Four out of 137 patients who used the drug, which was applied daily along the upper eyelids, dropped out of Allergan's study because of mild or moderate eczema, dry eye, eye inflammation or dermatitis, FDA staff said.

Allergan, in a separate summary, said problems reported by users "occurred at a low frequency and were largely mild in severity, cosmetic in nature, and reversible." They included eye itchiness reported by 3.6 percent of patients, and eye irritation reported by about 2 percent of patients.

Gee, Allergan, I don't remember dry eye being cosmetic in nature.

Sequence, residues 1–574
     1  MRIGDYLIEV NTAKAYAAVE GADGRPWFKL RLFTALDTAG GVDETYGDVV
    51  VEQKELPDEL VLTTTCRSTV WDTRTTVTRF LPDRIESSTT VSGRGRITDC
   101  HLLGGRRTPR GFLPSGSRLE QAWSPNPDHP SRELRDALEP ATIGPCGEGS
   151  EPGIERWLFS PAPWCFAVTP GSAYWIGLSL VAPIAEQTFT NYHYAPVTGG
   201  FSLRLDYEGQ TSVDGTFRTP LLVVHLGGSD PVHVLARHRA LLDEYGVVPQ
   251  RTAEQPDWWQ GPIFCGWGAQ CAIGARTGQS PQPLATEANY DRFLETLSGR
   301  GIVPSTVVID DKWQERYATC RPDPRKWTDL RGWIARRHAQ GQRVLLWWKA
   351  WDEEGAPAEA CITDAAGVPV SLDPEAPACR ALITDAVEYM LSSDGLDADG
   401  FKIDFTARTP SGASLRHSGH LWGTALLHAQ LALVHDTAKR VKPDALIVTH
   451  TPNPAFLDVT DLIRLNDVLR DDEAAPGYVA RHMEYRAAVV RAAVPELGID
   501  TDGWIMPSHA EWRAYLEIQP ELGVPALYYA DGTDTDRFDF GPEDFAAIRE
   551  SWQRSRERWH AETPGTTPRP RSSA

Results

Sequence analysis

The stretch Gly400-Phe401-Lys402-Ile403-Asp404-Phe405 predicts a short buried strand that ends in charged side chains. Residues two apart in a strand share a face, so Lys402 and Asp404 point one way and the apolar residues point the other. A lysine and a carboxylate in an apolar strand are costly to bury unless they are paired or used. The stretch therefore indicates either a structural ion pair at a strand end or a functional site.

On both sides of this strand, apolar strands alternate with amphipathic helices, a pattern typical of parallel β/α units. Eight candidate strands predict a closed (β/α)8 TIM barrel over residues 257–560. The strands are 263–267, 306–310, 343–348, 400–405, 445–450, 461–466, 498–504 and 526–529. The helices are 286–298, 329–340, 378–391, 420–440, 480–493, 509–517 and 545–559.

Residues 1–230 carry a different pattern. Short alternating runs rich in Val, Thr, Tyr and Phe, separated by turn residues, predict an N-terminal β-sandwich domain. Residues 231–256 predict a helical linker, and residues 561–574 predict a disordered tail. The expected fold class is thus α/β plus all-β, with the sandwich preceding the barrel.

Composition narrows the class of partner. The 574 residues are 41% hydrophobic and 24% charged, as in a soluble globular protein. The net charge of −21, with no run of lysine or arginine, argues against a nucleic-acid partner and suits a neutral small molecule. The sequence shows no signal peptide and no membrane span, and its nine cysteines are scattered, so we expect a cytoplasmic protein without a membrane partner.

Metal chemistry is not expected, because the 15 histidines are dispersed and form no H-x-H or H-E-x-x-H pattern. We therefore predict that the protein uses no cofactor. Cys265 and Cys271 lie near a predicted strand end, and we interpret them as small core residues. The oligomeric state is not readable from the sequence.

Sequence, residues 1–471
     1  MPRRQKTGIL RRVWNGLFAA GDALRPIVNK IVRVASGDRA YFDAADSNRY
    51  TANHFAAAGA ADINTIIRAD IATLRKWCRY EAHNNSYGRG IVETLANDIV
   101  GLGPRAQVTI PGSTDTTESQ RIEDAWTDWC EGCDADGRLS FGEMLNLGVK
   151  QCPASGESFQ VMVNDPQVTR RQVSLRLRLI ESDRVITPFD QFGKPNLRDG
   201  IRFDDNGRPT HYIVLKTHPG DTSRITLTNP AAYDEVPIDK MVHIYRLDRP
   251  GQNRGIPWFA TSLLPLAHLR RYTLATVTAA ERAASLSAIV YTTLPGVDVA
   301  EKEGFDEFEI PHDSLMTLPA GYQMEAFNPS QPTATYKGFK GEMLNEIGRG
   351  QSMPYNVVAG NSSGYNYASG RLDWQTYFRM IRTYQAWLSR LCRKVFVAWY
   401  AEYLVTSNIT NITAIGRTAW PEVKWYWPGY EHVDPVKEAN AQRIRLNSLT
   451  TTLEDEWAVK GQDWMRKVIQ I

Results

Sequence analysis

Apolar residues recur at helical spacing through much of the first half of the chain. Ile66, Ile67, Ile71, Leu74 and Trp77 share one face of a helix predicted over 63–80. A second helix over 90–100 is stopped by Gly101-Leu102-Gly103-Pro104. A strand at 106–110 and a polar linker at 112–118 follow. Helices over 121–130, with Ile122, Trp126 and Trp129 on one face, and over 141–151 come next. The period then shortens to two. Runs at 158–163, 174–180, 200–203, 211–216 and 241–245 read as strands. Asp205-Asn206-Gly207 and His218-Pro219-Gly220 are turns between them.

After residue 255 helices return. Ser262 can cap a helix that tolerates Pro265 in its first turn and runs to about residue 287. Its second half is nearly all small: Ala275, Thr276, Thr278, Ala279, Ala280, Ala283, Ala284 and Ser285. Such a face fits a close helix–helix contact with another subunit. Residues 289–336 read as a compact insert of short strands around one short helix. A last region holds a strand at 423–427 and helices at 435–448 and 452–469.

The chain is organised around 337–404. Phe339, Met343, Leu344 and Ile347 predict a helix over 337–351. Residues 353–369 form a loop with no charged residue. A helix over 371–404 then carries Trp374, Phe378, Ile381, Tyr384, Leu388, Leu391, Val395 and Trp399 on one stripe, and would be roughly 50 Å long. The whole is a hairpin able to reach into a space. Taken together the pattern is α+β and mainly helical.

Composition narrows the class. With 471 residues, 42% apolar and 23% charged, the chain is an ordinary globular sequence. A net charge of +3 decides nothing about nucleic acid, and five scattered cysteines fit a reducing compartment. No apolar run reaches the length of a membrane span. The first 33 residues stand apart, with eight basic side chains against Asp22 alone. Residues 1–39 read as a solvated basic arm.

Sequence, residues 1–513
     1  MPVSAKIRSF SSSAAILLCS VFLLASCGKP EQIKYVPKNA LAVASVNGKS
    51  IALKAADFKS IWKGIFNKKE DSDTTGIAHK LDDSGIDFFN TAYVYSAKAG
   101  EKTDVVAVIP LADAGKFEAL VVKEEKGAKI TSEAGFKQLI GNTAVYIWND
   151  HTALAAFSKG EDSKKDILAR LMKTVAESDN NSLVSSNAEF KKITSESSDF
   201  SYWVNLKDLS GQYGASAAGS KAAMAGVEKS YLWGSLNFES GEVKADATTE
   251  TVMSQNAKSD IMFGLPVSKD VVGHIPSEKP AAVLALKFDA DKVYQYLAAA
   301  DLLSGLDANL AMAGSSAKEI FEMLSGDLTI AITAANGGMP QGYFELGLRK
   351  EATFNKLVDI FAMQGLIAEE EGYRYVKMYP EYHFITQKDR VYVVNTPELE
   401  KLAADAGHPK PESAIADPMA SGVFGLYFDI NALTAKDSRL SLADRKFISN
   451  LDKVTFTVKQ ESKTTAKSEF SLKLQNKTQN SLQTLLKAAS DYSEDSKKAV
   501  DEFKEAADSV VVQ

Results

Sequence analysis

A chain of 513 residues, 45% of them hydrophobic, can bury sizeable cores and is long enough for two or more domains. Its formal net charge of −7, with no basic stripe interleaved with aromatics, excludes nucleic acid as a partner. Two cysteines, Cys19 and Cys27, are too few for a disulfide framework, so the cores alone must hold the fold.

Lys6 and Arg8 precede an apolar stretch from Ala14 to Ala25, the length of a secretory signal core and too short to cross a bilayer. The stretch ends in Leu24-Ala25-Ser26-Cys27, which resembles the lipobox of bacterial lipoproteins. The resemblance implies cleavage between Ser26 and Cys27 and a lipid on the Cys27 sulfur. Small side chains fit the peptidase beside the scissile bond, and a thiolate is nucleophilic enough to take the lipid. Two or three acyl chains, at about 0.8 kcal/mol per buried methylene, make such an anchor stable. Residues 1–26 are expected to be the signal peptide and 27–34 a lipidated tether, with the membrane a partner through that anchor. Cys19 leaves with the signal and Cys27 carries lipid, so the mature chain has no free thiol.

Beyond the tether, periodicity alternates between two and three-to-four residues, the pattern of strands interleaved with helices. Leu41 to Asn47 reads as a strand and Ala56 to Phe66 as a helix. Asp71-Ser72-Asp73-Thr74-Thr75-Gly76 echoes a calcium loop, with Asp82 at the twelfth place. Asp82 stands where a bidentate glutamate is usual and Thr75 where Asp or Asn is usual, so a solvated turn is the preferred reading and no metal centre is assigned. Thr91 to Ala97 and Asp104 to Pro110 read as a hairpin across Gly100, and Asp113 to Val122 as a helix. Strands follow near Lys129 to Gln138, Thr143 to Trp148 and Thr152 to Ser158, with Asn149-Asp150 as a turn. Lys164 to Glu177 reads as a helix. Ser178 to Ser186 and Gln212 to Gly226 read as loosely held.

Abstract: Intralase and dry eye

Typical. For FDA clinicals, of course we have to check both signs and symptoms because it is WELL KNOWN that there is a poor correlation between the two, but heaven forbid that anyone include assessment of symptoms in post refractive patients if they don't have to. JRS is probably the last ophthalmic publication I would expect to care about the distinction.

PURPOSE: To evaluate changes in comeal sensitivity and tear function following myopic LASIK with thin femtosecond flaps.
J Refract Surg. 2008 Nov;24(9):897-902
Barequet IS, Hirsh A, Levinger S.

METHODS: A retrospective study was performed to compare corneal sensitivity (filament), tear breakup time, and anesthetized Schirmer test preoperatively and at 1 week and 2 and 6 months postoperatively.